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Massachusetts loses $1 million in toll revenue

A report issued Wednesday by the Office of the Inspector General found that Massachusetts has lost nearly $1 million in revenue on highway tolls. PHOTO BY BRIGID KING/DAILY FREE PRESS STAFF
A report issued Wednesday by the Office of the Inspector General found that Massachusetts has lost nearly $1 million in revenue on highway tolls. PHOTO BY BRIGID KING/DAILY FREE PRESS STAFF

Massachusetts lost nearly $1 million in toll revenue by allowing employees and retirees of the Massachusetts Department of Transportation to pass through tollbooths without paying the fee, according to a Wednesday report from the Office of the Inspector General.

The report stated that more than $985,000 was lost in toll revenue between Nov. 1, 2009 and Aug. 31, 2015. MassDOT employees, retirees and employees of other public agencies were given non-revenue transponders and paid Massachusetts Turnpike Authority cards to pass through toll plazas without paying.

The report detailed that along with the known transponders given to employees and retirees, there were 85 devices not recorded by MassDOT. These alone accounted for $85,259 of the lost toll revenue. There were also 117 cases of seven transponders belonging to deceased persons being used after the date of their death.

Jack Meyers, senior investigator and spokesperson for the Office of the Inspector General, recommended the next steps MassDOT should take in response to these findings.

“Our office recommends that MassDOT consider eliminating the non-revenue transponders and the Mass. Turnpike Authority’s paid cards,” Meyers said. “They’ve eliminated some after we began the investigation, but there are some that they haven’t eliminated yet, and we highly recommend that they eliminate those as well.”

Meyers said MassDOT has responded to the investigation by eradicating the devices given to those who are not closely linked to the department.

“They have deactivated the non-revenue transponders associated to public agencies and private companies not affiliated with MassDOT,” Meyers said. “They say that right now, only 850 employees and retirees continue to have the devices.”

Jacquelyn Goddard, spokesperson for MassDOT, wrote in an email that the department has already addressed the issue and is working toward eliminating the devices.

“MassDOT has disciplined several employees found to have abused transponders assigned for work purposes and has taken steps to deactivate more than 75 transponders categorized as ‘missing’ because those transponders have not been used for a long time,” Goddard wrote.

Kamran Dadkhah, an economics professor at Northeastern University, discussed in an email how employees and retirees who share their perks with family and friends easily abuse these benefits.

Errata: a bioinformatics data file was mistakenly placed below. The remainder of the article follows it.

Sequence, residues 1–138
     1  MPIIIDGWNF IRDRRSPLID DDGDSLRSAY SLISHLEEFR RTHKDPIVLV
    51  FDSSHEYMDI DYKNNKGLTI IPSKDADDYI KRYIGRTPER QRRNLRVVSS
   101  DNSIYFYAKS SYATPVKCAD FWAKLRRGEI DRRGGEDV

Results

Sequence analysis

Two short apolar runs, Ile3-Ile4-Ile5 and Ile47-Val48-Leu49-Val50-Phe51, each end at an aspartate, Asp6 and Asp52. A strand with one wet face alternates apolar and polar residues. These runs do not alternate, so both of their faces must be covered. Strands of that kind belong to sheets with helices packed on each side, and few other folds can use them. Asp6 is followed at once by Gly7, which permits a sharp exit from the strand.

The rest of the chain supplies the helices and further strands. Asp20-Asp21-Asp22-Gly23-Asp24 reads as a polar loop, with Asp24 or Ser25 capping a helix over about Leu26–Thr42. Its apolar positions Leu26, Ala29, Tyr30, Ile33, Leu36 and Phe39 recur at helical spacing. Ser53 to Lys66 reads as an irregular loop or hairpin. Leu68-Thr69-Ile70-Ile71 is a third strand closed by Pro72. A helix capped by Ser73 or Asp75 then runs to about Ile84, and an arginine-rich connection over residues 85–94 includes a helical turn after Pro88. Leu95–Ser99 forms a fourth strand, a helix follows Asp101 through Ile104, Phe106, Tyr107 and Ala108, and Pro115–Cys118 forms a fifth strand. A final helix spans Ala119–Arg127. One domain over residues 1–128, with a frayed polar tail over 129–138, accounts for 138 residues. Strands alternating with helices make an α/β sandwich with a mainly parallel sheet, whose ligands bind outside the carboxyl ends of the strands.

“Decisions such as to exempt certain employees and retirees from paying tolls are made with good intentions. But invariably these kinds of policies are an invitation to abuse the system,” Dadkhah wrote. “… If the government wants to help its employees and retirees, it should estimate how much the average person spends on tolls and add that amount to everyone’s salary or retirement benefits.”

Dadkhah added that transponders do not benefit every employee in the same way.

“A second problem with this privilege is that it is an unequal benefit,” Dadkhah wrote. “Some employees and retirees seldom if ever travel on toll roads, while others travel frequently. One group gains close to nothing, and the other receives a lot.”

Several Boston residents gave their opinions on whether MassDOT employees should be given transponders or not.

Hetal Patel, 30, of the West End, said employees and retirees deserve the benefit of not paying the toll price.

“I don’t mind if employees or retirees are able to drive through without paying the toll,” she said. “It’s part of their job, so I think they should get perks and benefits of it.”

Lucy Drake, 25, of Brighton, acknowledged the forfeit of revenue but also agreed that being an employee warrants certain advantages.

“I think if they’re working for them, those are just perks of the job,” she said. “On the other hand, I guess that it is a lot of money, though, maybe even too much money, for the department to lose.”

Shalian Aponte, 38, of Fenway, said the money lost could have been used to fix the greater issues the transportation system faces.

“There are so many ways they could use that money, like repairs for the MBTA,” she said. “That money could be spent repairing our tracks so the lines aren’t delayed as often. I’m all for benefits and I certainly appreciate the employees, but it cuts into things that are more necessary.”

Kyler Sumter contributed to the reporting of this article.

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